In Africa, to which the Chinese population is increasingly exposed -especially after the launch of the “Belt and Road” initiative – Alibaba has also made a deal with tour bus operator City Sightseeing. The partnership will provide Chinese tourists with a payment mode that they are well accustomed to, to pay for sightseeing buses using Alipay. Due to the business opportunities on the continent, many Chinese have ventured there over the years. With the rising awareness of the region, there are now tourist facilities catering specifically to the Chinese and that has played a strong part in making the Chinese feel welcome. A movie playing in theatres in China right now featuring a former Chinese special forces soldier single-handedly rescuing Chinese citizens besieged in Africa has broken box office records. Wolf Warrior 2 is already China’s top-grossing movie and analysts are expecting it to eventually earn around 60% more than the previous leading film The Mermaid. The movie has thus greatly raised the interest of the Chinese in the continent. Following the media hype, Alibaba will certainly form more partnerships in Africa.
Strategic Collaboration in Traditional Retail
Amazon (AMZN) has done it with its Whole Foods (WFM) acquisition. JD.com (JD) has an ongoing partnership with Wal-Mart (WMT). For Alibaba, it recently tied up with South East Asia’s largest property company, Capitaland (OTCPK:CLLDF) (OTCPK:CLLDY) (primary listing on the SGX with ticker code C31), in two ways. Capitaland will be managing parts of Alibaba’s new Shanghai headquarters, comprising four office buildings and a retail podium, which has a total Gross Floor Area (GFA), excluding car park, of about 80,000 square meters. Capitaland has demonstrated its savviness in navigating the retail downturn. Its malls continue to see upward revaluation. Alibaba will in turn host Capitaland’s exclusive online mall on Lazada Singapore, which is part of Lazada Group, Southeast Asia’s largest e-commerce platform. Alibaba is Lazada Group’s largest shareholder, and have invested over $2 billion for an 83% stake.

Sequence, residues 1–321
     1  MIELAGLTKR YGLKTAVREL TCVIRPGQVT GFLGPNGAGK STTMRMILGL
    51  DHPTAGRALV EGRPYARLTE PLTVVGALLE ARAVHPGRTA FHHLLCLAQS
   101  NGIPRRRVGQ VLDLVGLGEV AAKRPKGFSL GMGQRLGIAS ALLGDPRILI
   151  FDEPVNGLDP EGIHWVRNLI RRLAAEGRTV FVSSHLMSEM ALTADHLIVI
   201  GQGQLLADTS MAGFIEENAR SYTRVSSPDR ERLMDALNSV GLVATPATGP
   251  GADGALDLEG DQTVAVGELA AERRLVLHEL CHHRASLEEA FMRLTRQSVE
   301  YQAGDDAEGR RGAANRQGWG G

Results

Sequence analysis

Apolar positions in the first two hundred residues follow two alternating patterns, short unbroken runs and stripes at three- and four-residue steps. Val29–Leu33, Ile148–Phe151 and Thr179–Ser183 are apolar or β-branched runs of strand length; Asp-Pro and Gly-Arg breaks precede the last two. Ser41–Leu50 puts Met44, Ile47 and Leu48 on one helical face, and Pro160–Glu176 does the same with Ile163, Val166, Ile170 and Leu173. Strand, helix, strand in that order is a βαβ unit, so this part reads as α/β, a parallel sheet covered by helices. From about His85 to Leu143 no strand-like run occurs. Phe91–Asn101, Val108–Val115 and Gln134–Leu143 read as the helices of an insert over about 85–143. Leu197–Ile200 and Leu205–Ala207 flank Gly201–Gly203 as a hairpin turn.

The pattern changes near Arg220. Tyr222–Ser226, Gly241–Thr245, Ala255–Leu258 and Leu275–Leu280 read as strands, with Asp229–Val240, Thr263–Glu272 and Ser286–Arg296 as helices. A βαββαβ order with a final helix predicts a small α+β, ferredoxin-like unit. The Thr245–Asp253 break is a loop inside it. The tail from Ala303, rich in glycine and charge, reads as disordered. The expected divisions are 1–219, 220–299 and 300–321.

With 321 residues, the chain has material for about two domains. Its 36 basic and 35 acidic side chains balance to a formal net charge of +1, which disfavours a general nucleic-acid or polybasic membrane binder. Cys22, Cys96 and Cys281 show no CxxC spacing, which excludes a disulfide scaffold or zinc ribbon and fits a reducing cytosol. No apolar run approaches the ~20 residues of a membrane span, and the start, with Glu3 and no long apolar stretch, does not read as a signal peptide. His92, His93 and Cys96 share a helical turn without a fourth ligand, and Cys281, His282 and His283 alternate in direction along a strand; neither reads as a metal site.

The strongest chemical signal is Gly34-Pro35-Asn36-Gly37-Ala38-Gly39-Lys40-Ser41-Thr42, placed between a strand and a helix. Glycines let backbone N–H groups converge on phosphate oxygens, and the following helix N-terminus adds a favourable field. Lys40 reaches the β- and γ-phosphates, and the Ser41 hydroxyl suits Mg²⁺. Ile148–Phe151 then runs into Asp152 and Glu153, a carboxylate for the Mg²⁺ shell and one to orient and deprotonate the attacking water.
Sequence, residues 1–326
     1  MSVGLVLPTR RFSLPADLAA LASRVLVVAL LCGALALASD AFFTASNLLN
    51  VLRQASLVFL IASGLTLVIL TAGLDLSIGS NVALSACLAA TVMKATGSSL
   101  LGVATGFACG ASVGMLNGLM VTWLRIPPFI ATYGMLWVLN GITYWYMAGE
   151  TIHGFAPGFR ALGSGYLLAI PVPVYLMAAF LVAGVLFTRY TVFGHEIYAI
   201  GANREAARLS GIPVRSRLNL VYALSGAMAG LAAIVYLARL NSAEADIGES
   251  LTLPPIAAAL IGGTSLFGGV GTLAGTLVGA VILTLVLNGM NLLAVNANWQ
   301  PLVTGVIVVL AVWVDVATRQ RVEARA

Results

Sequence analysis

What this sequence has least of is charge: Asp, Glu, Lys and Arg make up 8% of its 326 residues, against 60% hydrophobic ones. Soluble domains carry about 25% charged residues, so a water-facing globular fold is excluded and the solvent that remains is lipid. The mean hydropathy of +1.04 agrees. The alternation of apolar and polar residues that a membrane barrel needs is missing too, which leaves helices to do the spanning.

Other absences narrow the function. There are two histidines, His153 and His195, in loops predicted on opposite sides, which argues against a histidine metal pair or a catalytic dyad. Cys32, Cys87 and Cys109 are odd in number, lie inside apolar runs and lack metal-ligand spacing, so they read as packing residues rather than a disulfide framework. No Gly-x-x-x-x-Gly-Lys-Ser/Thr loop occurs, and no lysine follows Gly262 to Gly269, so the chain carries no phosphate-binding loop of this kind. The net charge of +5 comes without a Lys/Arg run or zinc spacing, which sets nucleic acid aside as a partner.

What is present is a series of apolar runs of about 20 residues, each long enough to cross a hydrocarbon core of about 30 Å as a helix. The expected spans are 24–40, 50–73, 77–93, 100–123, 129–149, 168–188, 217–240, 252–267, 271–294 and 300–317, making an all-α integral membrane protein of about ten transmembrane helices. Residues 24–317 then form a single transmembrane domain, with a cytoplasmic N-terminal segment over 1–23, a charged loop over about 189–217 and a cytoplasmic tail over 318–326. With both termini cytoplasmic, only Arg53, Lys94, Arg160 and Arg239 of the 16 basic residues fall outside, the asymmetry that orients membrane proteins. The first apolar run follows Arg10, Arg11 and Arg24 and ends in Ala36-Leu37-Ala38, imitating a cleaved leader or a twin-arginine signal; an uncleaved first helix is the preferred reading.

This arrangement would thus see each of the two parties focusing on what they do best – one managing the physical asset and the other providing the digital platform. A win-win situation.
The few deals mentioned in this article are not going to be game-changers for Alibaba. Nevertheless, they offer an indication of the direction Alibaba is heading. I have realized the validity of Alibaba’s rapid scaling potential too late and have missed riding the speed boat. I was previously concerned that Alibaba’s strong growth might hit a plateau, given a seemingly high base. However, it’s better late than never and this realization means that I will be confident of making a long-term investment when the opportunity arises.
Note from author: Thank you for reading. My articles revolve around a subject or angle that I feel might have been overlooked. If you would like more of such articles and wish to be informed as soon as they are published, please click on the “Follow” button below the title near the top of this page and check the “Get email alerts.” If you have additional insights on the topic or contrasting views, please kindly share them in the comments section for further discussion.
Disclosure: I/we have no positions in any stocks mentioned, but may initiate a long position in WMT, BABA over the next 72 hours.
I wrote this article myself, and it expresses my own opinions. I am not receiving compensation for it (other than from Seeking Alpha). I have no business relationship with any company whose stock is mentioned in this article.
Editor’s Note: This article discusses one or more securities that do not trade on a major U.S. exchange. Please be aware of the risks associated with these stocks.